Health Highlights: March 22, 2019
Here are some of the latest health and medical news developments, compiled by the editors of HealthDay:
Unvaccinated Kentucky Student Sues Health Department Over School Ban
A court date has been set for an unvaccinated student in Kentucky who's suing the state health department for banning him from extracurricular activities during a chickenpox outbreak.
The case of Jerome Kunkel, 18, will be heart in court April 1, according to the Courier Journal, the Associated Press reported.
Kunkel says the vaccine violates his religious beliefs. The state health department ordered all unvaccinated students to stay away from Our Lady of the Assumption Church school and its activities during the chickenpox outbreak. Kunkel's family founded the school and church.
The state health department properly used its authority, says department lawyer Jeffrey Mando, the AP reported.
Tyson Recalls 69,000 Lbs. of Chicken Strip Products
More than 69,000 pounds of frozen, ready-to-eat chicken strip products have been recalled by Tyson Foods because they may contain pieces of metal.
The products were produced on Nov. 30, 2018 and shipped across the United States, the U.S. Department of Agriculture's Food Safety and Inspection Service (FSIS) said.
The problem was discovered through two consumer complaints about pieces of metal in the products. There have been no confirmed reports of anyone being harmed by the recalled products, FSIS said.
For more information, consumers can call Tyson Foods at 1-866-886-8456.
'Game of Thrones' Actress Had Two Brain Aneurysms
"Game of Thrones" actress Emilia Clarke disclosed Thursday that she's had two surgeries for brain aneurysms.
In 2011, she developed a sudden, severe headache while working out and was rushed to a hospital. Doctors discovered two brain aneurysms, which occur when a blood vessel in the brain has a weak spot that causes it to bulge and fill with blood, ABC News reported.
Aneurysms can burst and be life-threatening, because they cause bleeding in the brain.
Doctors found that one of Clarke's aneurysms had burst open, but were able to treat it with minimally invasive surgery. In 2013, routine monitoring showed that the second aneurysm had doubled in size.
During minimally invasive surgery to repair it, that aneurysm burst, forcing doctors to perform open-brain surgery on Clarke, ABC News reported.
"In my years since my second surgery I have healed beyond my most unreasonable hopes," said Clarke, who plays Daenerys Targaryen on 'Game of Thrones,' a wildly popular fantasy series on HBO.
Hill's Expands Dog Food Recall
A recall of certain canned dog food products that may contain elevated levels of vitamin D has been expanded by Hill's Pet Nutrition.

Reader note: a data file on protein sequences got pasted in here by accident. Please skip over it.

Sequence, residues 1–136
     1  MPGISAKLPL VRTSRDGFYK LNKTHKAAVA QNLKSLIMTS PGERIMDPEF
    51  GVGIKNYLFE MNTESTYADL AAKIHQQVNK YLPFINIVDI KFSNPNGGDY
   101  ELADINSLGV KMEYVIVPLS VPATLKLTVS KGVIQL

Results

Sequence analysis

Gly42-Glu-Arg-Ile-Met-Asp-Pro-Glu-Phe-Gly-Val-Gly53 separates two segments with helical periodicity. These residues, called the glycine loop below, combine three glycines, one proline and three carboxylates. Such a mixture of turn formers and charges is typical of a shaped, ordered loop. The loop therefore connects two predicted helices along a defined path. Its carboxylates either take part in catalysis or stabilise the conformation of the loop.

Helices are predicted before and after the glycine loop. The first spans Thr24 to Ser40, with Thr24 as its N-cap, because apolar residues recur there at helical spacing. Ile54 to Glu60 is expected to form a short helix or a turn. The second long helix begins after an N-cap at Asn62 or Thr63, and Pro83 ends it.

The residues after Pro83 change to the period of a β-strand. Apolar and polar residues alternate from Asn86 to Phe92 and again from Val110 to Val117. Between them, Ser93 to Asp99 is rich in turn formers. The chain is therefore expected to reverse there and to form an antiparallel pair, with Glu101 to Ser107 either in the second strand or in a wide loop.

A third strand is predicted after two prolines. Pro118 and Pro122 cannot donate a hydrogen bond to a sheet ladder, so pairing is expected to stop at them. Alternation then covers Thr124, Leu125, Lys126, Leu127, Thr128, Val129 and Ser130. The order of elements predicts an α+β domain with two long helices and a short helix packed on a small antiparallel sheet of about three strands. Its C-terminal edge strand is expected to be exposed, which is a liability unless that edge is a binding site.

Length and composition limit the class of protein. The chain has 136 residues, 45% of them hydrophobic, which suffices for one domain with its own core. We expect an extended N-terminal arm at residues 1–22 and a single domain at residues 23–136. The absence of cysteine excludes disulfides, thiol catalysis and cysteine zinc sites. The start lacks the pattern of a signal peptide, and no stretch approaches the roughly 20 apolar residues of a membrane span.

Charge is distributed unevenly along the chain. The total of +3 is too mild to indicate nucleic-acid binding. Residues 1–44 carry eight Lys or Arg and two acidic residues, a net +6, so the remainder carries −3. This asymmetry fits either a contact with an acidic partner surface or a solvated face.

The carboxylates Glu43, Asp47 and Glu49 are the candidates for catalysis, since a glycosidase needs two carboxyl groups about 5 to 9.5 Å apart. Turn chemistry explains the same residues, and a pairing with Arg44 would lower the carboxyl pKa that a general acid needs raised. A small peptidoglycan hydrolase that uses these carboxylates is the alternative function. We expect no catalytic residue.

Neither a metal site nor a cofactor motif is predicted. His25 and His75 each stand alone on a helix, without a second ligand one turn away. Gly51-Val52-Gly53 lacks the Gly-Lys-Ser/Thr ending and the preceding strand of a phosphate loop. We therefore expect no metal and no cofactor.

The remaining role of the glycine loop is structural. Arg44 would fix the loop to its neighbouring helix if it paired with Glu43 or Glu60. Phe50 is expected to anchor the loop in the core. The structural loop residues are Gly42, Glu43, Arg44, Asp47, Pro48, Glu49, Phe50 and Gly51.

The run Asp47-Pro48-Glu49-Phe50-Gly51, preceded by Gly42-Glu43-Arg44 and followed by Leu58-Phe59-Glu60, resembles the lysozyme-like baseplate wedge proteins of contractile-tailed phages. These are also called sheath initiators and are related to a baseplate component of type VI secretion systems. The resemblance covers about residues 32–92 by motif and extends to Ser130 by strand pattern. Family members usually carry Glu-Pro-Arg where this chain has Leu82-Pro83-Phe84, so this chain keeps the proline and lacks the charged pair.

Dogs that consume elevated levels of vitamin D can cause develop symptoms such as vomiting, loss of appetite, increased thirst, increased urination, excessive drooling and weight loss. Consuming very high levels of vitamin D can sometimes lead to life-threatening problems, including kidney dysfunction.
Consumers whose dogs were fed the recalled products and developed symptoms should contact their veterinarian, Hill's advised. In most cases, dogs completely recover after they stop eating the recalled food.
The initial recall was announced Jan. 31, 2019. For more information, call Hill's at 1-800-445-5777 or go to the company's website.
CBD Products Now Available at Hundreds of CVS Stores
Creams, sprays and lotions infused with the nonintoxicating hemp component cannabidiol (CBD) are now being sold at more than 800 CVS stores in eight states.
The products will be sold in store aisles, according to a company spokesman, who added that the drugstore chain is not selling any supplements or food additives containing CBD, the Chicago Tribune reported.
California, Illinois, Colorado and Alabama are among the states where stores will carry the CBD products from marijuana company Curaleaf Holdings, which has hopes to expand sales to more CVS stores.
Curaleaf operates more than 40 marijuana dispensaries across 12 states and also offers hemp-derived products including lotions, tinctures, vape pens and patches.
CBD, which does not get people high, has become a trendy wellness ingredient, the Tribune reported.
The U.S. Food and Drug Administration has not approved the use of CBD use in food or beverages.
Baby Cough Syrup Recalled
One lot of DG/health NATURALS baby Cough Syrup + Mucus is being recalled due to possible contamination with potentially harmful bacteria, says maker Kingston Pharma, LLC.
The recall is for Lot KL180157 of 2-fluid ounce (59 mL) bottles with an expiration date of 11/20 and UPC Code 8 54954 00250 0. The products were shipped to Dollar General retail stores across the United States.
The problem is possible contamination with Bacillus cereus/Bacillus circulars, which can cause vomiting or diarrhea. To date, no illnesses have been reported in connection with the recalled cough syrup, according to the company.
Consumers with the recalled cough syrup may return it to the place of purchase for a full refund, and can call company at 1-844-724-7347 for more information.